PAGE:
One player being linked to the Jags is Tim Tebow, a 33-year-old former quarterback whom new head coach Urban Meyer developed into a Heisman Trophy winner at Florida. The two-time national champion hasn't been on an NFL roster since the 2015 preseason, but he recently worked out for Jacksonville.
More traditional options include Trey Burton and Tyler Eifert, playmaker types who could slot in as Jacksonville's top tight end for 2021.
Tennessee Titans: Safety
The Titans had an excellent draft, addressing their most pressing needs at the cornerback and wideout spots by acquiring a pair of rookies for each.
The one spot that still needs a look is safety, which appears to be light after Tennessee cut ties with Kenny Vaccaro this offseason. The team did pick up a player who can hopefully assume the role eventually in Brady Breeze, but the sixth rounder is far from a guaranteed contributor.
The Titans will want to pick up a proven veteran who can be penciled in as the starter heading into Week 1. Malik Hooker and Tre Boston are still looking for new homes and would get a chance to shine in the Music City.
Denver Broncos: Quarterback
Even though the Broncos traded for Teddy Bridgewater prior to the draft, their biggest need is still at quarterback.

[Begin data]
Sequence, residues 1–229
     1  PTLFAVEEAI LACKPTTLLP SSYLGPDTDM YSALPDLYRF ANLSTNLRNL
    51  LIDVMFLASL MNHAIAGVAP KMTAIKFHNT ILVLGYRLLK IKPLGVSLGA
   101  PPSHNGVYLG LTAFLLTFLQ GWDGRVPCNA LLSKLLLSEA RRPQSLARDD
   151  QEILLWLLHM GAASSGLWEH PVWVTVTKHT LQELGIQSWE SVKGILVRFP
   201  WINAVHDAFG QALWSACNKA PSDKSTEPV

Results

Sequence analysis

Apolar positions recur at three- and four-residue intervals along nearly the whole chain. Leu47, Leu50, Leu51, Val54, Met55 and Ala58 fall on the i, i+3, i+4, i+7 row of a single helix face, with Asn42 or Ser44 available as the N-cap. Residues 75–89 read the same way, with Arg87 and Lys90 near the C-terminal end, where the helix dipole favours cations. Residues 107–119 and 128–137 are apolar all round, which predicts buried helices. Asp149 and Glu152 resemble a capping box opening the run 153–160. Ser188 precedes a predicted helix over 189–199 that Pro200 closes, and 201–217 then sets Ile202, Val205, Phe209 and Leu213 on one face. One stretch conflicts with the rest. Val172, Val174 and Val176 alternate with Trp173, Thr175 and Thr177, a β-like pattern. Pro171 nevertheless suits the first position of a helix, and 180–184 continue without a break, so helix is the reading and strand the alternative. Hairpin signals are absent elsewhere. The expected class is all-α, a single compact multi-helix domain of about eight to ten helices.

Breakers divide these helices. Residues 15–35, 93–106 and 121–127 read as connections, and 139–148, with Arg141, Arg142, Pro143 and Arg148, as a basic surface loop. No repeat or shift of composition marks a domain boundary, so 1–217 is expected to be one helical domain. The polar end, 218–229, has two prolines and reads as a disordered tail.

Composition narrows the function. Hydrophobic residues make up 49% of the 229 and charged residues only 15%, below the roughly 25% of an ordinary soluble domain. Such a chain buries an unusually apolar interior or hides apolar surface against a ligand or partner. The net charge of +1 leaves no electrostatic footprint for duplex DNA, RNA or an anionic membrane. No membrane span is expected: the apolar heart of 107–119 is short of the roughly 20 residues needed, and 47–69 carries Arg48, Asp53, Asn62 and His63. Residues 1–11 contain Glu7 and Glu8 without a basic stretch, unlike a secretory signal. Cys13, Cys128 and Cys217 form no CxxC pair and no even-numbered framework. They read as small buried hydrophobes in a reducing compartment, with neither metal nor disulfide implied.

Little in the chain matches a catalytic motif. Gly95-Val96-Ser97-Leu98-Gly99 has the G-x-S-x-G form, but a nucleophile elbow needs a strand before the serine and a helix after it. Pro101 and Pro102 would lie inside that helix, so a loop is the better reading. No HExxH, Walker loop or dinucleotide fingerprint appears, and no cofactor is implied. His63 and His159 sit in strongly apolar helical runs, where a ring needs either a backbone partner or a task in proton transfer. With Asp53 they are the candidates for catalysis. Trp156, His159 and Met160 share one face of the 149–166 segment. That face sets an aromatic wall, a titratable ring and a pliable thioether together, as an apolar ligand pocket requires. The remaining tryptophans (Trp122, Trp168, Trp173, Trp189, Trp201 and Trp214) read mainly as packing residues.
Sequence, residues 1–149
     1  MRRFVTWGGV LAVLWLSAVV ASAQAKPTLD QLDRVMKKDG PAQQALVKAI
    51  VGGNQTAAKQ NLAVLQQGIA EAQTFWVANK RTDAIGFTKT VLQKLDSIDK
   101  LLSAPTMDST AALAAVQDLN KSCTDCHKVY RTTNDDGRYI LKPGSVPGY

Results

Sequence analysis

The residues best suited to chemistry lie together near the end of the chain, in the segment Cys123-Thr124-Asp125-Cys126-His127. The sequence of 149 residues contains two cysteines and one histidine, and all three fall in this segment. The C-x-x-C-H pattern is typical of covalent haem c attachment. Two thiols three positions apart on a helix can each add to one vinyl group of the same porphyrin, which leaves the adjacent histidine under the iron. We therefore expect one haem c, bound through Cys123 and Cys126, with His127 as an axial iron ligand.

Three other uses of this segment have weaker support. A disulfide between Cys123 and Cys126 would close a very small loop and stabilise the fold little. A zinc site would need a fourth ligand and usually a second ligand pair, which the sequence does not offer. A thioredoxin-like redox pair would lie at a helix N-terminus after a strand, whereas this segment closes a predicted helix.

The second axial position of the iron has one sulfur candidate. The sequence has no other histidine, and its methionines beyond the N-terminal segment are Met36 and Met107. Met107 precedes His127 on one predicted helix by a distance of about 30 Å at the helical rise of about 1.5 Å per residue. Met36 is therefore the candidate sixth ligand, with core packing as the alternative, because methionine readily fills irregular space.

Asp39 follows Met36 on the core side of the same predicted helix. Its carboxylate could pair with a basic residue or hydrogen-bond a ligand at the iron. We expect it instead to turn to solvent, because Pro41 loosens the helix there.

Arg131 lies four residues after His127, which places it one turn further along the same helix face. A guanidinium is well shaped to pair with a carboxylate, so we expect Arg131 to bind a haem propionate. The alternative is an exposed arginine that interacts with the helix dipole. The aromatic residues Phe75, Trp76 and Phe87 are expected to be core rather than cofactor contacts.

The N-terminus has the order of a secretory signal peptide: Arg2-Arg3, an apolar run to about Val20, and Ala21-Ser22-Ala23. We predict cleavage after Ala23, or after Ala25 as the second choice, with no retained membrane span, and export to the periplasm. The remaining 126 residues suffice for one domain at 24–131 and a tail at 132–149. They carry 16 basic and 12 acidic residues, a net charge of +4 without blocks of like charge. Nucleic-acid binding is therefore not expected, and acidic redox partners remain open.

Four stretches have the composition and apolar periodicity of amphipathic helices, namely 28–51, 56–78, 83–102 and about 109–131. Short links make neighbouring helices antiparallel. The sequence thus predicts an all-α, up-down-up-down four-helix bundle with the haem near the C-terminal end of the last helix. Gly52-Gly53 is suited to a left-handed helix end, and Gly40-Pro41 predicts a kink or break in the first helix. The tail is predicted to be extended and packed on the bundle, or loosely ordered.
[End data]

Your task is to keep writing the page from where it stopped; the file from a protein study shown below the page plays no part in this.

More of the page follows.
Bridgewater was given a shot at becoming a franchise quarterback last year, but he didn't look great for the Panthers and became expendable when they acquired Sam Darnold. The odds of him doing much more in Denver are low, and he should not be considered much more than a bridge quarterback at this juncture.
The Broncos also have Drew Lock, a second-round pick in 2019 who hasn't done much of note during his first two seasons, either. While having Bridgewater on the roster may help push Lock, time is running out for the Missouri product to show he belongs as a starter.
The Broncos' decision to pass over Justin Fields when they were on the clock at No. 9 may come back to haunt them. Missing out on a potential franchise quarterback will sting, but they can fix their quarterback woes by going all-in to acquire Aaron Rodgers.
The pieces are in place for the Broncos to win; they just need a quarterback to take them there. No player is better suited for the job than Rodgers, who is disgruntled with the Packers and doesn't want to return, according to ESPN's Adam Schefter.
Kansas City Chiefs: Wide Receiver